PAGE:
Number the references like so: "(...) Aristotle claimed that (...) [1], which was in contradiction to the later teachings of Newton [2]", then list the literature positions in bibliography:
[1] Aristotle, "Physics", 400 BC, as quoted by this or that book
[2] Newton, I., "Mathematical Principles of Natural Philosophy" 1798 (Basel, 5th ed.)
You may alternatively use this style: "Copernicus (1543) claimed that....", and order the references alphabetically. This style looks nicer in print but makes web page citations without obvious main authors more difficult, as you may not know how to call the document and thus where to place it in the list.

In general, use your head, your brain and your mind[1] - a bunch of main citations may be enough for a simple assignment on one topic only.
_____________________
[1] quotation from the movie "School of Rock" 2003 (excerpts on Youtube service, URL = https://www.youtube.com/watch?v=QzBddN...)

Assignment 1. Ancient astronomy: Eratosthenes (due Mo 4 Oct)

Research in books and online the profile of a versatile ancient scholar Erathostenes. Summarize briefly all the interesting scientific things he has done in his life. Describe in more detail the following achievement: measurement of the size of Earth. How was it done and from what sources do we know it? What result was achieved, and with what precision, compared with the currently known value? (State if you are comparing to equatorial radius or an average radius of Earth assuming sphericity, or maybe you compare circumference not radius - state everything clearly.) Express the difference in percent, that is as a fraction of the modern value. Do you think the precision was a stroke of luck or genius?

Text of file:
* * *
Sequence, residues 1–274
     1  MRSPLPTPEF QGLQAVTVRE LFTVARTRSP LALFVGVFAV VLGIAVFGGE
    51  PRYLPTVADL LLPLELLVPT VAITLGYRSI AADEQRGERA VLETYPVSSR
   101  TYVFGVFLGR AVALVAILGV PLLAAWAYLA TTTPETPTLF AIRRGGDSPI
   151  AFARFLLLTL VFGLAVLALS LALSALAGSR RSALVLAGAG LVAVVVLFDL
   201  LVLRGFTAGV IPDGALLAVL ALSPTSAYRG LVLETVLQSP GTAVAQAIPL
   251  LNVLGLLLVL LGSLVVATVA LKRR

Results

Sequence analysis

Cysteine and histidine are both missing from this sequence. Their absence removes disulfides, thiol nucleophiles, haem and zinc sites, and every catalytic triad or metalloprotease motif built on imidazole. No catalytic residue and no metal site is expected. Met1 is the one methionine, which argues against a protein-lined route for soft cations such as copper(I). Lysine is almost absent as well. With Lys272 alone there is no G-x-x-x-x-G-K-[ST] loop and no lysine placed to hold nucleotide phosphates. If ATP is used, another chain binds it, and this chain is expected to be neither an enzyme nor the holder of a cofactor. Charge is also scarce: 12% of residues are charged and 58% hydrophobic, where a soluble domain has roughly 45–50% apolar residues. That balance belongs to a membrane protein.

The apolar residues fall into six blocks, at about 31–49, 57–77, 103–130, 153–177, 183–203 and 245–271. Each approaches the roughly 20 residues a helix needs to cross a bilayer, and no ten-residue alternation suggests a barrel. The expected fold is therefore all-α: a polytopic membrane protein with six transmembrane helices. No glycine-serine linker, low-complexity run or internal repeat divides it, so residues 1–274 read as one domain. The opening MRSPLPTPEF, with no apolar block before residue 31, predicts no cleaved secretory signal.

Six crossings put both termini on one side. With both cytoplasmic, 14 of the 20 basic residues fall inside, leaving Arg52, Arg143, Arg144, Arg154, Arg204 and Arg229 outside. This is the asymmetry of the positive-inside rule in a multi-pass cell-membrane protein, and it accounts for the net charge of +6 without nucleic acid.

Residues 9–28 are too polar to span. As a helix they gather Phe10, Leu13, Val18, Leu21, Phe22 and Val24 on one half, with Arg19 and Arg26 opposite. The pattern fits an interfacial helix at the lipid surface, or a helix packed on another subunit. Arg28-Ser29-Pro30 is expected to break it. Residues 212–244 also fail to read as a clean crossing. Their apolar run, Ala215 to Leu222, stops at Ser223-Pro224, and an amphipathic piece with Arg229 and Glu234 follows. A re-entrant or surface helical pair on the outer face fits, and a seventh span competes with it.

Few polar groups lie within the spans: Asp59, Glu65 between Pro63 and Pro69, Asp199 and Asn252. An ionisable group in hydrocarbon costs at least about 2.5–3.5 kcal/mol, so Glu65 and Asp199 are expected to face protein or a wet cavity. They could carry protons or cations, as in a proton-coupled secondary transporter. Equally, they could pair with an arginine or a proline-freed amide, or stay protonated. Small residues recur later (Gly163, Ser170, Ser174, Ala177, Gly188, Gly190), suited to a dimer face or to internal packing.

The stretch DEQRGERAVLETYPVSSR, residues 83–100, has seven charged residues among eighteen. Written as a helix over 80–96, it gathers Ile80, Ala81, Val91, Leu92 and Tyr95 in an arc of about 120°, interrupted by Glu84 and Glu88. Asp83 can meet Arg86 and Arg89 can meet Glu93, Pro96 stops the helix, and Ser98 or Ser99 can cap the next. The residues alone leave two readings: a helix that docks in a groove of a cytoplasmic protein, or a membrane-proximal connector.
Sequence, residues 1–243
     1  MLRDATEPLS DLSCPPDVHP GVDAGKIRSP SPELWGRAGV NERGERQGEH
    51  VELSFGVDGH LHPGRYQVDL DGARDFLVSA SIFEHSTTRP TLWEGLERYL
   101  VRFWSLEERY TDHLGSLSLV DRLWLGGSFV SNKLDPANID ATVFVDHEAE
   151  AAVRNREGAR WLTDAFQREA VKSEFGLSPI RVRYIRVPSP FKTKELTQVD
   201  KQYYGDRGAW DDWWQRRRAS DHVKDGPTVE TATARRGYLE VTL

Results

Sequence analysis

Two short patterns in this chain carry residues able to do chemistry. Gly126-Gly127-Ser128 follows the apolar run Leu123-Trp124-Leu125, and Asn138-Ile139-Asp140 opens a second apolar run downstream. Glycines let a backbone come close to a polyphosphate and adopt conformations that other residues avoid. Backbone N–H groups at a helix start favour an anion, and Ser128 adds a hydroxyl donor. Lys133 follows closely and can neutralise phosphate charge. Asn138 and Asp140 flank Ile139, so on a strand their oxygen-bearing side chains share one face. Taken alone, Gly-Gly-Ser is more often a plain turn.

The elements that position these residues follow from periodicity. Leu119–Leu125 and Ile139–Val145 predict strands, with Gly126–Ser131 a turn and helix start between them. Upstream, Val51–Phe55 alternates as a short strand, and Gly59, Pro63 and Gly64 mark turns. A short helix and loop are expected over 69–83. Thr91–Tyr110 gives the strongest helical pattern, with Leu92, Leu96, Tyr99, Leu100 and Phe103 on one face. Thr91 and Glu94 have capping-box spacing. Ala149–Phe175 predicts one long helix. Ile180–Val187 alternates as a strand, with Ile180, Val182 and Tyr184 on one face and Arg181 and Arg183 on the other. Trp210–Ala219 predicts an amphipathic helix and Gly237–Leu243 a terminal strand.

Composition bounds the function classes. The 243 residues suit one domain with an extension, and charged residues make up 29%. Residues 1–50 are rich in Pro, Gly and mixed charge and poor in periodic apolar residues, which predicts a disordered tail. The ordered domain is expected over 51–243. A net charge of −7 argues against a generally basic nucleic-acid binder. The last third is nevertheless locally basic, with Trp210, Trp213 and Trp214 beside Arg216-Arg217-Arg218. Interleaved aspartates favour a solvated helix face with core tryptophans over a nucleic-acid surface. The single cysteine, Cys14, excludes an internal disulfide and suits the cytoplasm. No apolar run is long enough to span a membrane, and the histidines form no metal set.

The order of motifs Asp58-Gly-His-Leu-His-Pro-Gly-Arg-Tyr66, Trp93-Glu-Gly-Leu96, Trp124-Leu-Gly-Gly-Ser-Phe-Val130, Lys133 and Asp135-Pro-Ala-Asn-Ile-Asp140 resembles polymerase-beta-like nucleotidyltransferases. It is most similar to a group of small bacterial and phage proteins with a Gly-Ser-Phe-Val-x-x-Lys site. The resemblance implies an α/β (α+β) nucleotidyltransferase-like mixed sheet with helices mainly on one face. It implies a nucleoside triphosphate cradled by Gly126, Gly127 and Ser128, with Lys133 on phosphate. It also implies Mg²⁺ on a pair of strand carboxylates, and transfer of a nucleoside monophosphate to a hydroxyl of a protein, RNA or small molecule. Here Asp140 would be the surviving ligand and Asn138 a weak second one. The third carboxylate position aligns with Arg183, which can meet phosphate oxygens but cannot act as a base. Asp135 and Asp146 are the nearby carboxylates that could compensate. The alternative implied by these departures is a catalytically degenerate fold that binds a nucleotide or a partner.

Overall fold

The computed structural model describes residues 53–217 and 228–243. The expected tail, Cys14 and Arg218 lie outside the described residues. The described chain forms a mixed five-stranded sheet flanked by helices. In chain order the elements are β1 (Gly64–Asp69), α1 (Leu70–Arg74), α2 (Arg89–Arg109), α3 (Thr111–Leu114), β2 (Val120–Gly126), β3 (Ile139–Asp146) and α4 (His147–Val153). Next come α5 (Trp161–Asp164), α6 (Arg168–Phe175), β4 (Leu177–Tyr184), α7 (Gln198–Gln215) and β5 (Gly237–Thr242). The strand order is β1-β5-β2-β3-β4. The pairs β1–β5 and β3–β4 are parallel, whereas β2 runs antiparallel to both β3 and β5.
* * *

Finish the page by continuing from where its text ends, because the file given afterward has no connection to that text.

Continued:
Finally, consider the accuracy of his data: do you have any information or your own thoughts on which parts of the calculation may contribute the most to the estimation error; which assumptions made by Eratosthenes explicitly or implicitly may have been inaccurate?

Your document should be 1 to 4 pages of your original writing.

Assignment 2. How where cometary orbits deciphered (due Mo 25 Oct)

In lectures 7-10 we discuss the birth of celestial mechanics in 16th and 17th cent., mostly dealing with planetary orbits. We now know that most comets move along elliptic paths just like planets, only much much more eccentric (eccentricity e > 0.9). But in the 16th century nobody suspected that such a similarity of orbits exists or that the planetary and cometary orbits are governed by the same laws. Comets, following Aristotle's works, were in fact thought to be a meteorogical phenomenon, quite often considered an ominous sign (bad omen).